Watching the Disaster

A few hours after the disaster on the 11th, Chinese CCTV was carrying the news. The Twin Towers burned, people fled and gaped and planes blew up against the side of the buildings over and over – in slow motion and at normal speed.

My Taiwanese friend Ol’ Vic chided CCTV for being late and terse. After 30 minutes of billowing smoke and explosions and panic, the scene changed to the familiar ceremonial reception chamber of some country Jiang Zemin is currently visiting.

In the days that followed it was hard to get a gauge of what people were really thinking. Every cab driver in Chongqing gabbed about Afghanistan‘s imminent butt-whipping, but a true opinion was not forthcoming. Chinese really love face (i.e. pride) and respect the face of even the hairiest foreigner – so a foreigner will rarely hear frank opinions about his own country. But soon enough the people I know and the cabbies who I got to laugh opened up and let it all out.

Many of them, if they’re honest, feel America got what it deserved. But in the same breath my friends and "chauffeurs" would denounce terrorism, chaos, Islam and any attack on innocents. The act itself is abhorred by any upstanding Chinese who knows his history, but there is little love to spare for a government that all remind me was behind the bombing of the Chinese Embassy in Belgrade, the downing of a Chinese jet and the continual support of Taiwan and to a lesser extent Tibet.

A friend of mine went out with his friends the night of the 11th and celebrated. He told me this seconds after he asked after my family and friends and expressed his sorrow for the innocents who died. We talked for a bit. The same distinction made in almost every conflict with America was made here: the people of America – the people of any country – never deserve to be murdered for deeds perpetrated by their government, no matter how representative that government claims to be.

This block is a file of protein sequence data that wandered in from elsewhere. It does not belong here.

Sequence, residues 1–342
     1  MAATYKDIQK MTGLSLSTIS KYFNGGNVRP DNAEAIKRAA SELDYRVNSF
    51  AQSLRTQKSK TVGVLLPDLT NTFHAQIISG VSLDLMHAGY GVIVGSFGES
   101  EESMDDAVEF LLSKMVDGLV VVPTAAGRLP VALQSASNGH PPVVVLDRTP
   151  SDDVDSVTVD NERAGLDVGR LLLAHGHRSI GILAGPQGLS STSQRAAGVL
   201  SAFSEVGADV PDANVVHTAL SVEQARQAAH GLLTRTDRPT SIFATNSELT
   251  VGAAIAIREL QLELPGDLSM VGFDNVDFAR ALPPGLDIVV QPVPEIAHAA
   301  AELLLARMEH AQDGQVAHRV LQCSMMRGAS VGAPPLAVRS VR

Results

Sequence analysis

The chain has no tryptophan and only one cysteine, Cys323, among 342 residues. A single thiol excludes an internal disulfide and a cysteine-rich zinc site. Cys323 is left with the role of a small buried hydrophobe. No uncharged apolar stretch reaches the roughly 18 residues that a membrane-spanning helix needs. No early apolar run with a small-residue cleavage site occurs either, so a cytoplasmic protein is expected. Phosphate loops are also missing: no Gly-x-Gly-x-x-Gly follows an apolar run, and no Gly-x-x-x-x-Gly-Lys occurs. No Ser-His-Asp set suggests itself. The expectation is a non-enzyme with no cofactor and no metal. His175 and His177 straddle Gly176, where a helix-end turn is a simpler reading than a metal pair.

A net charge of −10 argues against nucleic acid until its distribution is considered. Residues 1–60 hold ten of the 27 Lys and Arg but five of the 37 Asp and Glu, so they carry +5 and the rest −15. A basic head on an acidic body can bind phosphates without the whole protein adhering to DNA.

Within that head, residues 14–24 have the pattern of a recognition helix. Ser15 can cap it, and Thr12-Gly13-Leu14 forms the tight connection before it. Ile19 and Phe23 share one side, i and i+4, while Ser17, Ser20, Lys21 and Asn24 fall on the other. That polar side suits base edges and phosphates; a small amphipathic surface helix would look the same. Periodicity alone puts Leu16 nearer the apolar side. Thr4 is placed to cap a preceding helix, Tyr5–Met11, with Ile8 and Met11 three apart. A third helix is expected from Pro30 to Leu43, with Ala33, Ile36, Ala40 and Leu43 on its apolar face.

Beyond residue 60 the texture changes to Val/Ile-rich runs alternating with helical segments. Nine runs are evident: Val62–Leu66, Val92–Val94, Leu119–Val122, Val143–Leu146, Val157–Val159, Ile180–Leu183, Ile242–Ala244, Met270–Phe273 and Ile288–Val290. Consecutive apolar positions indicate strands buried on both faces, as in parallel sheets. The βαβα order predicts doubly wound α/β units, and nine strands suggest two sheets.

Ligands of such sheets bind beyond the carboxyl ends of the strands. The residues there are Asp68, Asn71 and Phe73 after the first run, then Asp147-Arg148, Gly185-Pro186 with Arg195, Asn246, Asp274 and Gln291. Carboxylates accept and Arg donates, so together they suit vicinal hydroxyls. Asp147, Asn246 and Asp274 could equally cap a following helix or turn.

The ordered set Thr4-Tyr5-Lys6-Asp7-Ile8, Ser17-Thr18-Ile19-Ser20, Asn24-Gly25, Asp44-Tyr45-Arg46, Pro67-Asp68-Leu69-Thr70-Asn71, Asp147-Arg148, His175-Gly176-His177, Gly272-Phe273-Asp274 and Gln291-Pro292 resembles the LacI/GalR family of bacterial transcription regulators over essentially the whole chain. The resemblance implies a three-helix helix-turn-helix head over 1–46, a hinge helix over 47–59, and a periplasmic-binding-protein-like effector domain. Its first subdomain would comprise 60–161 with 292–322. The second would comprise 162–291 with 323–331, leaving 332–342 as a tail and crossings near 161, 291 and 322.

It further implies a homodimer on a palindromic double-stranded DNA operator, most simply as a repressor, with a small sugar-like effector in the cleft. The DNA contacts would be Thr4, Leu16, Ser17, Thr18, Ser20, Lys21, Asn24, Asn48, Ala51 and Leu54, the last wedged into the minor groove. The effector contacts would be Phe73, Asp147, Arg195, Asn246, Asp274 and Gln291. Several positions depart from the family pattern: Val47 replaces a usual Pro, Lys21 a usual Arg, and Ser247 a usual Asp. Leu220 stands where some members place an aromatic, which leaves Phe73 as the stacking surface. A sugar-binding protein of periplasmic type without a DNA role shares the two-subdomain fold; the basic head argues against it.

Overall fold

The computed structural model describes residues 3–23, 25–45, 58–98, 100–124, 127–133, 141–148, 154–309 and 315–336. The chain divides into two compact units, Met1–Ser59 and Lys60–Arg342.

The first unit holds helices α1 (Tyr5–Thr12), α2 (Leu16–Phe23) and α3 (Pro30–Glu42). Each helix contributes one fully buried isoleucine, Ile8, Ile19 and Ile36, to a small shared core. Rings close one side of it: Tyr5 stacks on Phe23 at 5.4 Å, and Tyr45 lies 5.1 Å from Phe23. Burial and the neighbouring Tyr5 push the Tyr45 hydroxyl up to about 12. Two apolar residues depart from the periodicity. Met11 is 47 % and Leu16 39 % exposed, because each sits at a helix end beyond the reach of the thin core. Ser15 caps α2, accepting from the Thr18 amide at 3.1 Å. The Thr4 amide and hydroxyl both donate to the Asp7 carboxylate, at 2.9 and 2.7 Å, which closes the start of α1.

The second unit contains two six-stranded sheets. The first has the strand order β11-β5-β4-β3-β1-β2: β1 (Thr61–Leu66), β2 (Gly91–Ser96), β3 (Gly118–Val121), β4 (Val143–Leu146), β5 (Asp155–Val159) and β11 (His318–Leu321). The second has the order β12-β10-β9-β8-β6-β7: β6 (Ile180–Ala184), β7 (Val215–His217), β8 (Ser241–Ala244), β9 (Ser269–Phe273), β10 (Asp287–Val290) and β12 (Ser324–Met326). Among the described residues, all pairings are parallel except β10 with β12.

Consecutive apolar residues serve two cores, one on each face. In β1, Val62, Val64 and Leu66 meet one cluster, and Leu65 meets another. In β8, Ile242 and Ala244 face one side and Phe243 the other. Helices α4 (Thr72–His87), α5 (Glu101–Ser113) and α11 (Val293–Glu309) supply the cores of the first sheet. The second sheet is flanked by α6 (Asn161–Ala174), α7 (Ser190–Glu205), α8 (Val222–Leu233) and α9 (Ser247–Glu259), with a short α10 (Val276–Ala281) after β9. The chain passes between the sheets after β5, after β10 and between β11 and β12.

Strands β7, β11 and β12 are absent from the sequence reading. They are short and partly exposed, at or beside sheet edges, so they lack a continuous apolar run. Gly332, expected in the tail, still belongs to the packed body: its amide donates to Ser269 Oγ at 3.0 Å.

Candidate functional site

Tolerance of religion, even Buddhism, is a most recent phenomenon in China. Monasteries throughout the country were ransacked up until the ’70s and to speak to a Christian priest, propagate Christianity and even to visit a church was a crime punishable by death. Muslims ("Huizu") have been in China for ages and even established a powerful kingdom in Yunnan in the 13th century. But these Muslims have been "in the fold" long enough to have accepted Mandarin as their language – they "bother no one" The word Huizu implies a blood-minority of the Chinese nation. Other Muslims are called Islanjiao – "of the Islam religion."

Uigher Muslims are a different breed, altogether. They have the audacity to grumble in private about their most recent "liberation" and they still speak Turkish or Uigher. They even decide to blow up a bus every now and then.

"These people have violence in their blood," says Liu Sifu over drinks and smokes. "Their religion is not a peaceful one."

Liu Sifu is all for America bombing the hell out of Afghanistan. He reveres America for the very virtues Bush claims to be defending from monstrous evil. The very virtues which supposedly drive Muslims to envy and kill us. Liu Sifu remembers not being able to discuss anything for fear of the government – he holds America responsible for the relative freedom many Chinese enjoy today.